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Sign Language Studies

American Annals of the Deaf

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Language and the Law in Deaf Communities

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table i. Number of Appropriate Lexical Items


Miranda Warning Interrogation


1 3 12
2 2 36
3 7 45
Group Average 4 31

Intermediate Interpreters

1 35 115
2 40 125
3 39 111
Group Average 38 117

Advanced Interpreters

1 55 147
2 49 170
3 52 189

Group Average



n u m b e r  o f  s y n t a c t i c  n o n m a n u a l  s i g n a l s  p r o d u c e d

The production of syntactic nonmanual signals also closely correlated with skill level, and, again, the differences between skill level groups were quite striking. Table 2 displays, by skill level, the average number of occurrences of each nonmanual signal. The average of the total number of nonmanual signals produced by each skill level group is also shown. (For the frequency of each nonmanual signal by each interpreter, please see the individual subject score sheets set forth in Appendix D.

The findings displayed above indicate that the beginner interpreters produced no syntactic nonmanual signals during their interpretation of the Miranda warning and a negligible number during their interpretation of the interrogation. Thus, the beginner interpreters produced very few lexical items and even fewer nonmanual signals.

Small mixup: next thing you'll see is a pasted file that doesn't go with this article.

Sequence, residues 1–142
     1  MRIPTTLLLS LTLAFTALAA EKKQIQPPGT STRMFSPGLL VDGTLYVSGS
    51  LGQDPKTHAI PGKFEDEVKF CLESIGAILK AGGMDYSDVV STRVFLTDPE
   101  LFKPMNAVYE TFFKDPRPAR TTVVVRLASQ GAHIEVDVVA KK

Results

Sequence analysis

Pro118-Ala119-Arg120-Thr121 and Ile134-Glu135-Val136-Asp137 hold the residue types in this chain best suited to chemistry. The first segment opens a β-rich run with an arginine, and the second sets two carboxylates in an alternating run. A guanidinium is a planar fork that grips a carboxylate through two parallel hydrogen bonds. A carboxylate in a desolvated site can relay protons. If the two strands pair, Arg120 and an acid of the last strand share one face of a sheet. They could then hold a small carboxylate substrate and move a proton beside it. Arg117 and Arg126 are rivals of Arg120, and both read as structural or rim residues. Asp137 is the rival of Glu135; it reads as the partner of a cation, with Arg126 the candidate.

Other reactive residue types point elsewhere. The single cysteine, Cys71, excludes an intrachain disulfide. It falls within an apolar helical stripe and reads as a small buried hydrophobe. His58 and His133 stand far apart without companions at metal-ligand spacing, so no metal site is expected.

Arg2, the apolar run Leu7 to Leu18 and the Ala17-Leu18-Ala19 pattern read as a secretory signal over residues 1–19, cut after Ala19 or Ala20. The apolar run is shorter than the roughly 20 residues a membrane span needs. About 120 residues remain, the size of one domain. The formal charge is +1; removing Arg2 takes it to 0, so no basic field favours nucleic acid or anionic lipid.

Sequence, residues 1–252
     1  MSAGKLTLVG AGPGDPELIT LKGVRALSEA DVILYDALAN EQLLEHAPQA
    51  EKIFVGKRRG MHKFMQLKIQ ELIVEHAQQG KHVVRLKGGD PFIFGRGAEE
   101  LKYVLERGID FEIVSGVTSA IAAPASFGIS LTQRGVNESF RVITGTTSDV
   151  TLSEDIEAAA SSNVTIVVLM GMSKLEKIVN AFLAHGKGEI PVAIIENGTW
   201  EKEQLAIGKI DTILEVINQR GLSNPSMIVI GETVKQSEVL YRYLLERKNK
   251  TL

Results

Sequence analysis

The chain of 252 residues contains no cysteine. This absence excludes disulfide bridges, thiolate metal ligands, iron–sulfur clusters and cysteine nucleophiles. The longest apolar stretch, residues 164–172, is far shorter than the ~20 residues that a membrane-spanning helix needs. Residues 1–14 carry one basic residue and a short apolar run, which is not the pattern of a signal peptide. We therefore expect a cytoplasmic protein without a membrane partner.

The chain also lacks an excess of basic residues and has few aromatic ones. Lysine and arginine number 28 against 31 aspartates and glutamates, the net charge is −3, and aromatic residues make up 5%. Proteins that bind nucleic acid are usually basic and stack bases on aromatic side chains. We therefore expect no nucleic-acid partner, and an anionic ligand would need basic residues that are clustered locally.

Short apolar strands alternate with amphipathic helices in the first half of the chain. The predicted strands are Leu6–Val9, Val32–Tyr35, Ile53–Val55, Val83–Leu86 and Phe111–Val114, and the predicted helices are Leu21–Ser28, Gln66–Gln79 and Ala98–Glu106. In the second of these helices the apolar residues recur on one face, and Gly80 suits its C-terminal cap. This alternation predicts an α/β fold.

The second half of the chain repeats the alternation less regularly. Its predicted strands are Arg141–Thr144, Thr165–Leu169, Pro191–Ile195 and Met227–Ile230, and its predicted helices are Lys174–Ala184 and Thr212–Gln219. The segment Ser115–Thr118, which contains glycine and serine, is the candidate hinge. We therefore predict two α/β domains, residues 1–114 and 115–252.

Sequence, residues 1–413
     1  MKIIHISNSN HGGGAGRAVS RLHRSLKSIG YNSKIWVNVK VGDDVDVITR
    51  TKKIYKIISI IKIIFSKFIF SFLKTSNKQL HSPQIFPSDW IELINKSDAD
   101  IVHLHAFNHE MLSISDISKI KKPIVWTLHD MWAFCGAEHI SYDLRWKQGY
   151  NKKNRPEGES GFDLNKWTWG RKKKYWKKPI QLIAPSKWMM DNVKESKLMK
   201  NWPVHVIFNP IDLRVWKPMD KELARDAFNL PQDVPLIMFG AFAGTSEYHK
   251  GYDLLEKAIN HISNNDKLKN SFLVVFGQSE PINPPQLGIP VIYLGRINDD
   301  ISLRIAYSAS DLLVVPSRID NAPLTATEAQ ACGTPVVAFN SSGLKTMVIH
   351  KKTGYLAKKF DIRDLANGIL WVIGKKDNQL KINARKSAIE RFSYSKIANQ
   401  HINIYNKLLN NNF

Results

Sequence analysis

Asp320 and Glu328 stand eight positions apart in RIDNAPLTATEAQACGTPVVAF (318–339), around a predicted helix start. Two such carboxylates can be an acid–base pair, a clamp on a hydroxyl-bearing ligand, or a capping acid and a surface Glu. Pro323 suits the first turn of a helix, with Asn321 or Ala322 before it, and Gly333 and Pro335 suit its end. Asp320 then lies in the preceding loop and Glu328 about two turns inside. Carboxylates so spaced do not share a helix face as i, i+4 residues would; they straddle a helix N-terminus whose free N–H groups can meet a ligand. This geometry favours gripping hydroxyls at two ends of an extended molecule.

The intermediate interpreters articulated an average of 2.66 syntactic nonmanual signals during the Miranda warning and 57 during the interrogation. The advanced interpreters, however, articulated 6.33 and 76 respectively, an increase over the intermediates of nearly two-and-a-half times during the Miranda warning and a 75 percent increase during the interrogation. Thus, although the intermediate interpreters successfully articulated a great deal more syntactic signals than the beginners, their signed interpretations lacked a significant amount of syntactic information when compared with the advanced interpreters.

Knowing whether a proposition is a statement or a question, a negative statement or an affirmative statement, a hypothetical or a command, etc., affects one’s comprehension of what is being said, and the syntactic signals lacking in the interpretations of the intermediate interpreters had a profound impact on comprehensibility. Consider the difference in meaning if a proposition is not properly negated.

You cannot afford an attorney. vs. You can afford an attorney.

Similarly, consider the effect on meaning if the conditional nonmanual signal is not articulated:

If you cannot afford an attorney, one will be appointed for you at government expense.


You cannot afford an attorney. One will be appointed for you at government expense.

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